Real Madrid to Invest €525M in the Modernisation of the Bernabéu Stadium

2 April 2019 – Eje Prime

On Tuesday, Real Madrid and the Town Hall of the Spanish capital announced the launch of a project to modernise the Santiago Bernabéu stadium, which will see a total investment of €525 million. The work will begin at the end of May and is due to be completed at the end of 2023, with no planned disruption to the fixture schedule during that period.

According to the club’s President, Florentino Pérez (pictured above, right), Real Madrid has already spent €500 million upgrading its facilities since 2000. Specifically, it has invested €256 million in several updates to the stadium and another €231 million in the construction of the Ciudad Real Madrid training ground in Valdebebas.

The latest project, designed by GMP Arquitectos/L-35/Ribas will involve a new step in the transformation of the stadium, although few details have been revealed at this stage. During the first phase, the La Esquina del Bernabéu shopping centre will be demolished to create a large square and another square will be built next to Paseo de la Castellana.

In total, 23,000 m2 of space will be freed up and distributed between stores and restaurants to complement the museum, which will also be expanded. The capacity of the stadium will also be expanded by 1,000, which will be dedicated in their entirety to people with reduced mobility or some kind of disability.

It is not yet known who will carry out the work or how the project will be financed, but a tender process for the execution of the work is scheduled to open in April. Four companies are predicted to participate: Acciona, FCC, Ferrovial and San José.

Original story: Eje Prime (by M. Menchén)

Translation/Summary: Carmel Drake

Iberdrola Puts Torre Auditori in Barcelona Up for Sale

19 March 2019 – Idealista

Iberdrola has put Torre Auditori, which forms part of the BCN Fira District business park in Barcelona, up for sale. The property comprises 21 storeys and spans a surface area of 22,899 m2, generating annual rental income of more than €4.3 million. The current occupancy rate of the property is 98% and its tenants include Cepsa, Ferrovial, Marmedesa, Asus and Iberdrola itself.

The building forms part of the business park that the company is constructing on Paseo de la Zona Franca, which currently comprises Torre Auditori and Torre Marina (which is leased to the pharmaceutical firm Esteve). Iberdrola is building two more properties, which will be handed over during the first quarter of 2021.

Original story: Idealista 

Translation: Carmel Drake

Masaveu Sells Land in the Port of Vigo for €2.8M

31 January 2019 – La Nueva España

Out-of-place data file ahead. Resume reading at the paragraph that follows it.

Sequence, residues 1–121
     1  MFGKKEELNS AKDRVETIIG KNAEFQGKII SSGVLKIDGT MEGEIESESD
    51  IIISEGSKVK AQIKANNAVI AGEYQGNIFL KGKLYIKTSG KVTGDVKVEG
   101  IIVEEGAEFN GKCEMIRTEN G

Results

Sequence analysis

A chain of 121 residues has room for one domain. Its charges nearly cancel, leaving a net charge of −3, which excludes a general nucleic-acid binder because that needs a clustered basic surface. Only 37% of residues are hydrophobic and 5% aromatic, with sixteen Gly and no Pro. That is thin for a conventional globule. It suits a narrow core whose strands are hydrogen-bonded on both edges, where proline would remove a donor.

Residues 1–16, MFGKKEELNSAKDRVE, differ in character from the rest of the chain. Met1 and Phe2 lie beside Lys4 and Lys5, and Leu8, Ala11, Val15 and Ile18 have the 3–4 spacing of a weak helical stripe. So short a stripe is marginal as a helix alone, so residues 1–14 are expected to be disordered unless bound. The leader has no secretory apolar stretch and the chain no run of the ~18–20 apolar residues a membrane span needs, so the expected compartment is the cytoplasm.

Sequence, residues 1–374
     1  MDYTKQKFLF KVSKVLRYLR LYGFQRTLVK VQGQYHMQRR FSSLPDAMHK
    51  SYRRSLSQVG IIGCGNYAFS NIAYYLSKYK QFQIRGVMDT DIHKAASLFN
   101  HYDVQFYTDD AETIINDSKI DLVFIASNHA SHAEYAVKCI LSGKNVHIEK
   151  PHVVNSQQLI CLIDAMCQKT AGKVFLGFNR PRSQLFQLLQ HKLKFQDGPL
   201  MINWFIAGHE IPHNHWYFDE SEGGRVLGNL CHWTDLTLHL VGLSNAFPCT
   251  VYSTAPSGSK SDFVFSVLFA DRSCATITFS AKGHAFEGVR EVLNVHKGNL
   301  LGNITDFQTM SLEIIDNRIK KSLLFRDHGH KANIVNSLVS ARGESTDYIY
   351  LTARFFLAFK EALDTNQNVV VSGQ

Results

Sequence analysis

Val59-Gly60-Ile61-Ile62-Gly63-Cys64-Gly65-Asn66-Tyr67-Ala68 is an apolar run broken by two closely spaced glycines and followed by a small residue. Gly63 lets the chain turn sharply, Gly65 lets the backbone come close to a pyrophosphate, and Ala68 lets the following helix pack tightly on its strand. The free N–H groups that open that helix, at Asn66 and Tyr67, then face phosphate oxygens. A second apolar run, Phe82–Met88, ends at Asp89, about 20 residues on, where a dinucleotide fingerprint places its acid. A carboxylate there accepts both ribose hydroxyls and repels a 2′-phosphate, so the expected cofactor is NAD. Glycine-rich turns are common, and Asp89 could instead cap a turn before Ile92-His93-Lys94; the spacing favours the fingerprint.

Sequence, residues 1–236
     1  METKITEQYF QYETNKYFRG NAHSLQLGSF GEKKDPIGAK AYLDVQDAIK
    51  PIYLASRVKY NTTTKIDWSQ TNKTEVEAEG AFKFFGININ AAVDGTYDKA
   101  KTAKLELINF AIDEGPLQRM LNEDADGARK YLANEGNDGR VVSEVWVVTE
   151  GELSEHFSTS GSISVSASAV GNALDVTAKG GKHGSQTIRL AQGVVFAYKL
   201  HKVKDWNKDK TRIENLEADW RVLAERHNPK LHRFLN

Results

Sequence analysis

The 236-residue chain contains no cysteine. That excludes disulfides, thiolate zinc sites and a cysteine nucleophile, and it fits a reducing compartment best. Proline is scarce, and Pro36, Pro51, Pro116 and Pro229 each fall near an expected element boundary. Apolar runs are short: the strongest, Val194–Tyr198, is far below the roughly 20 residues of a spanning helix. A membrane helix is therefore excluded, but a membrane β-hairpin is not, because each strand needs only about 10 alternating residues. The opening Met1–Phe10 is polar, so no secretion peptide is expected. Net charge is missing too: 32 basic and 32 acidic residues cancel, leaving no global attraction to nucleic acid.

Cementos Tudela Veguín, which forms part of the Asturian business group Masaveu, has obtained almost €2.8 million from the sale of land in the Port of Vigo. The plot measures 19,000 m2, was barely being used and is located in Rande.

Cementos Tudela Veguín, which has several warehouses in the Port of Vigo, also owned an area of land that was of interest to the Port authority to improve access and expand the area reserved for logistics. The directors of the Port of Vigo learned of the details of the land purchase operation last Friday, which was closed for €2,783,000, an amount that has already been transferred to the cement producer company.

The Masaveu family is considered to be the richest in Asturias and is amongst the wealthiest in all of Spain. Their wealth is estimated to amount to around €2.1 billion, according to a new list compiled by El Mundo, which analyses the largest 200 fortunes. The Masaveu family occupies 16th position in the ranking, which is led by the President of Inditex, Amancio Ortega, with assets worth €50.4 billion. He is followed by Rafael del Pino from Ferrovial, and Juan Roig from Mercadona (…).

Original story: La Nueva España (by A.O. & J.L.S)

Translation: Carmel Drake

FT: Spain’s Construction Sector Rises From The Ashes

28 September 2017 – Financial Times

When Juan Velayos left his job at the accountancy firm PwC to become chief executive of Spanish housebuilder Neinor Homes two years ago, some people thought he was crazy.

Construction companies in Spain once built more residential homes every year than the rest of western Europe combined, fuelled by cheap debt. But a 35% slump in prices after the 2007 financial crisis left much of the sector bankrupt.

Spain still has half a million new unsold homes, many in surreal empty cities that have become monuments to a speculative property bubble that brought down the country’s banking sector and the wider economy.

“The markets at the time were sceptical about the opportunity [in Spanish house building],” says Mr Velayos. “They were sceptical about the momentum for residential. They were surprised we were buying land so aggressively.”

But Neinor, created by US private equity group Lone Star in 2014, has become a success story, one of the country’s first residential homebuilders able to rise out of the ashes of the ruined sector and build again.

Six months ago Neinor Homes became the first to float on the Madrid stock exchange, with Lone Star selling 60% of the company, which was valued at €1.3bn. Its share price has risen by 13% since then.

“We knew there was an opportunity because the Spanish economy was growing again and for nearly a decade there had been practically no new residential homes built,” says Mr Velayos.